HB 2664 by Rep. Allan Ritter (D-Nederland)/Sen. Glenn Hegar (R-Katy) requires effective notice be given for a CHL in a 51% alcohol facility.
SB 1188 by Sen. Craig Estes (R-Wichita Falls)/Rep. Dennis Bonnen (R-Angleton) allows Texans to purchase and take possession of long guns when the purchase occurs beyond states contiguous to Texas. This measure brought Texas into harmony with existing federal law.
HB 3352 by Rep. Eliot Naishtat (D-Austin)/Sen. Rodney Ellis (D-Houston) Federal firearm background check
82nd Legislative Session-2011
Governor Rick Perry (R)–Lt. Governor David Dewhurst (R)–Speaker Joe Straus (R)
HB 25 by Rep. Ryan Guillen (D-Rio Grande City) to allow law-abiding Texans to have a handgun on their watercraft without the state issued license.
SB 321 by Sen. Glenn Hegar, Jr. (R-Katy)/Rep. Tim Kleinschmidt (R-Lexington) to allow Texas employees to store a firearm in thier personal vehicle while on their employer’s parking lot. This issue took 8 years to pass both chambers and become law.
SB 766 by Sen. Craig Estes (R-Wichita Falls)/Rep. Jason Isaac (R-Dripping Springs) protects safe, outdoor sport shooting ranges from frivolous lawsuits.
HB 2127 by Rep. Charlie Geren (R-Ft. Worth)/Sen. Chris Harris (R-Arlington) relating to municipal regulations on the discharge of a firearm in certain Texas counties.
HB 2560 by Rep. Ralph Sheffield (R-Temple)/Sen. Craig Estes (R-Wichita Falls) relating to transporting a foster child by a person with a concealed handgun license.
HB 356 by Rep. Lon Burnam (D-Ft. Worth) would require a Texas resident to obtain a Texas CHL.
HB 2807 by Rep. Lon Burnam (D-Ft. Worth) would create an offense for possession and/or transfer of semiautomatic weapons.
83rd Legislative Session-2013
Governor Rick Perry (R)–Lt. Governor David Dewhurst (R)–Speaker Joe Straus (R)
TSRA Supported New Law-Passed
HB 47 by Rep. Dan Flynn (R-Van)/SB 864 by Sen. Donna Campbell (R-New Braunfels) relating to the number of required course hours to obtain a concealed handgun license.
HB 48 by Rep. Dan Flynn (R-Van)/Sen. Dan Patrick (R-Houston) created an online renewal process for the Texas concealed handgun license.
HB 333 by Rep. Ryan Guillen (D-Rio Grande City)/Sen. Juan Hinojosa (D-McAllen) requiring a hotel to publish their firearm policy.
HB 698 by Rep. Drew Springer (R-Muenster)/Sen. Craig Estes (R-Wichita Falls) relating to the accessibility of digital finger printing for those seeking a concealed handgun license in counties with a population of less than 46,000.
HB 1421 by Rep. Charles Perry (R-Lubbock)/Sen. Craig Estes (R-Wichita Falls) encouraging the resale and disposition of revenues for resale of certain confiscated firearm held by Texas law enforcement agencies.
HB 2860 by Rep. Pat Harless (R-Spring)/SB 987 by Sen. Glenn Hegar, Jr.(R-Katy) relating to requiring the attorney general to obtain an injunction against a municipality or county that adopts prohibited regulations regarding firearms, ammunition, or firearm supplies.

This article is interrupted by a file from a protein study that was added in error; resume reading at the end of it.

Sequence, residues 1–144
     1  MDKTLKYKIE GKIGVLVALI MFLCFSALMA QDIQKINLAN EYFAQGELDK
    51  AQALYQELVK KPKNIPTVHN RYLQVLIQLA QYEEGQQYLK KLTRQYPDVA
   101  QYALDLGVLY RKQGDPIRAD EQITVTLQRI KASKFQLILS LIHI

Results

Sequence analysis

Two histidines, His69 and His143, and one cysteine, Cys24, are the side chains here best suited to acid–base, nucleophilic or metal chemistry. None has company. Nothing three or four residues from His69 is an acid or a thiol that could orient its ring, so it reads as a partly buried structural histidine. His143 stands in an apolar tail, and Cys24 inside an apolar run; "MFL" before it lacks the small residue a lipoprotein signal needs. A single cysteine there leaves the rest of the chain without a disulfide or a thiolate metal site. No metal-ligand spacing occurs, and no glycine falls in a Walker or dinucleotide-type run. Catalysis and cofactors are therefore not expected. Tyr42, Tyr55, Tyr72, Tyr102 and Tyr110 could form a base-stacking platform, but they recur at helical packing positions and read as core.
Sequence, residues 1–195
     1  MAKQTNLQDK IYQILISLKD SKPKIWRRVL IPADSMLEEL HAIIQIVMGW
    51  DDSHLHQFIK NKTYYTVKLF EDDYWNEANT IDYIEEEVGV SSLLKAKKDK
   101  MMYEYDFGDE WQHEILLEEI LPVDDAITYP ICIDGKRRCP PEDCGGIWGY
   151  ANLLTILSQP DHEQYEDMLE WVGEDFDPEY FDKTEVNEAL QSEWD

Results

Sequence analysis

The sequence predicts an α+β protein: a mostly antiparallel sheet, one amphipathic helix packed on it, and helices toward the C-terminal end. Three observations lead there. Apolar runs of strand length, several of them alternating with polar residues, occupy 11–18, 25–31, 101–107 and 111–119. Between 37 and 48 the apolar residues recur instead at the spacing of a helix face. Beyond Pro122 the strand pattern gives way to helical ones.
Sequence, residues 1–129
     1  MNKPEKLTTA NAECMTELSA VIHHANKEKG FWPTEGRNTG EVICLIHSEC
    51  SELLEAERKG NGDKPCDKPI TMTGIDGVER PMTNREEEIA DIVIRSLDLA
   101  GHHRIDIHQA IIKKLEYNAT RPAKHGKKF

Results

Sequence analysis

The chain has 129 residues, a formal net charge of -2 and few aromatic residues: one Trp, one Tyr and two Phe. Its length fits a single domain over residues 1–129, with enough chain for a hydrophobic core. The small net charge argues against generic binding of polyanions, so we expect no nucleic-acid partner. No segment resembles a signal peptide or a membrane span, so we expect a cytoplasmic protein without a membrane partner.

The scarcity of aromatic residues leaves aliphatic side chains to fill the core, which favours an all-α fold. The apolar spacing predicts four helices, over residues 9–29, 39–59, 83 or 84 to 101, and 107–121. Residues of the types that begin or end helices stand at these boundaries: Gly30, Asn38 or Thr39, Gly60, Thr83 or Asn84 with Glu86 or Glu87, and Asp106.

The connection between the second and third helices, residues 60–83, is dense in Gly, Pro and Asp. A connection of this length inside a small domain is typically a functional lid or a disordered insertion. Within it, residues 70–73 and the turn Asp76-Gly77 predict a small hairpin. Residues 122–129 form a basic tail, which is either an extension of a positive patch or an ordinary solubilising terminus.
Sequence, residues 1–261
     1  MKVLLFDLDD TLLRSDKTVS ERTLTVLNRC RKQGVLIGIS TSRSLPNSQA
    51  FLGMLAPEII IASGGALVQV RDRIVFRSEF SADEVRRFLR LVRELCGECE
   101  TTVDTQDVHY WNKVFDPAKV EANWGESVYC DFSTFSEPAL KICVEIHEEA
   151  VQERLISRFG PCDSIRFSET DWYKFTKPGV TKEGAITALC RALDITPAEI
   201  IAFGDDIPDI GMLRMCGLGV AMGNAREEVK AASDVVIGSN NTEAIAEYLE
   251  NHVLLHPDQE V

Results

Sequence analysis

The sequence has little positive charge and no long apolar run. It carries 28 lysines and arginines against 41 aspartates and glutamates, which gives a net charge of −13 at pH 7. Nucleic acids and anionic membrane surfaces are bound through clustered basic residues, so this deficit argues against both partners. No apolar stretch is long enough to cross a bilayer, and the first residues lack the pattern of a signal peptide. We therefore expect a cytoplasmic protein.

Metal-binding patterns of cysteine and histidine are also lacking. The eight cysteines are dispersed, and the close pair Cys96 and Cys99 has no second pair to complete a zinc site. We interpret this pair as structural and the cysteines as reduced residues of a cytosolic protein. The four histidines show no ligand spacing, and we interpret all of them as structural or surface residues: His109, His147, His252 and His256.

HB 3142 by Rep. Cecil Bell, Jr. (R-Magnolia)/Sen. Craig Estes (R-Wichita Falls) removed the requirement that a CHL qualify with a semiautomatic handgun to be able to carry a semiautomatic handgun.
SB 299 by Sen. Craig Estes (R-Wichita Falls)/Rep. Kenneth Sheets (R-Dallas) clarified the unintentional display of a handgun by a concealed handgun licensee and added “force” to “deadly force” to further harmonize existing law.
SB 1907 by Sen. Glenn Hegar, Jr. (R-Katy)/Rep. Tim Kleinschimdt (R-Lexington) allows college and university students with a handgun license to have their handgun and ammunition in their vehicle without fear of institution sanctions.
HB 383 by Rep. Lon Burnam (D-Ft. Worth)/SB 481 by Sen. Juan Hinojosa (D-McAllen) Relating to the recognition and validity of a license to carry a concealed handgun issued by another state.
HB 801 by Rep. Sergio Munoz (D-Palmview) Relating to the discharge of a firearm across the property line of a school.
HB 1030 by Rep. Lon Burnam (D-Ft. Worth) Relating to the authority of a political subdivision to prohibit the sale of firearms on public property in certain circumstances.
HB 1747 by Rep. Terry Canales (D-Edinburg) Relating to a packaging notice for new firearms and firearm ammunition; imposing a criminal penalty.
HB 2050 by Rep. Harold Dutton (D-Houston) Relating to the creation of a task force to conduct a study and develop recommendations to alleviate the incidence of gun violence in this state.
HB 3143 by Rep. Rafael Anchia (D-Dallas) Relating to the creation of certain offenses concerning firearm sales at gun shows.
HB 3288 by Rep. Yvonne Davis (D-Dallas) Relating to drug testing of a person seeking to obtain or renew a concealed handgun license.
HB 3325 by Rep. Garnet Coleman (D-Houston) Relating to the regulation and prohibition of certain assault weapons.
HB 3347 by Rep. Eddie Rodriguez (D-Austin)/SB 1527 by Sen. Rodney Ellis (D-Houston) Relating to the creation of certain offenses concerning firearm sales at gun shows.
HB 3741 by Rep. Lon Burnam (D-Ft. Worth) Relating to an education program for firearms sellers regarding mental health and immunity from civil liability for certain actions.